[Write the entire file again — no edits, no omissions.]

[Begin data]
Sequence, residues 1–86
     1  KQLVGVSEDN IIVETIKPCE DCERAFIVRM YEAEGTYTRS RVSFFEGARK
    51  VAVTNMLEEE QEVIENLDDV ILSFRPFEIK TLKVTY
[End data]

Sequence, residues 1–86
     1  KQLVGVSEDN IIVETIKPCE DCERAFIVRM YEAEGTYTRS RVSFFEGARK
    51  VAVTNMLEEE QEVIENLDDV ILSFRPFEIK TLKVTY